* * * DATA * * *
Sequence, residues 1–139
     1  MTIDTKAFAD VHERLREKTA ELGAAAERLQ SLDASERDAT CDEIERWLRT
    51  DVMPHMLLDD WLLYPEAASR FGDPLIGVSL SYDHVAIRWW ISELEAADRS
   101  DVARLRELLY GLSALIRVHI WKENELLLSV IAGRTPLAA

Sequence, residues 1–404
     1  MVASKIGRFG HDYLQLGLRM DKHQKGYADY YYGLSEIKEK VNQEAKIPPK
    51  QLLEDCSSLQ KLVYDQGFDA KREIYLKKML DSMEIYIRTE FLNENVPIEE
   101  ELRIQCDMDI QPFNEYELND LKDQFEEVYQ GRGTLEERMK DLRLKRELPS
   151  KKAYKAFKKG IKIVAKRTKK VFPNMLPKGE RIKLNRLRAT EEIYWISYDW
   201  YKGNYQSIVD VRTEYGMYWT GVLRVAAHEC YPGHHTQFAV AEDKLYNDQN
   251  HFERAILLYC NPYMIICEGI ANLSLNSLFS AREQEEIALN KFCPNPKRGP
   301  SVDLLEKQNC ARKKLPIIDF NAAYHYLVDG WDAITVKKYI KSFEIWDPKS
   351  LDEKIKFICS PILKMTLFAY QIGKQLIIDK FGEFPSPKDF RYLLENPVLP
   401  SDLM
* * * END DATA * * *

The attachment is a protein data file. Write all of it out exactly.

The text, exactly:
Sequence, residues 1–139
     1  MTIDTKAFAD VHERLREKTA ELGAAAERLQ SLDASERDAT CDEIERWLRT
    51  DVMPHMLLDD WLLYPEAASR FGDPLIGVSL SYDHVAIRWW ISELEAADRS
   101  DVARLRELLY GLSALIRVHI WKENELLLSV IAGRTPLAA

Sequence, residues 1–404
     1  MVASKIGRFG HDYLQLGLRM DKHQKGYADY YYGLSEIKEK VNQEAKIPPK
    51  QLLEDCSSLQ KLVYDQGFDA KREIYLKKML DSMEIYIRTE FLNENVPIEE
   101  ELRIQCDMDI QPFNEYELND LKDQFEEVYQ GRGTLEERMK DLRLKRELPS
   151  KKAYKAFKKG IKIVAKRTKK VFPNMLPKGE RIKLNRLRAT EEIYWISYDW
   201  YKGNYQSIVD VRTEYGMYWT GVLRVAAHEC YPGHHTQFAV AEDKLYNDQN
   251  HFERAILLYC NPYMIICEGI ANLSLNSLFS AREQEEIALN KFCPNPKRGP
   301  SVDLLEKQNC ARKKLPIIDF NAAYHYLVDG WDAITVKKYI KSFEIWDPKS
   351  LDEKIKFICS PILKMTLFAY QIGKQLIIDK FGEFPSPKDF RYLLENPVLP
   401  SDLM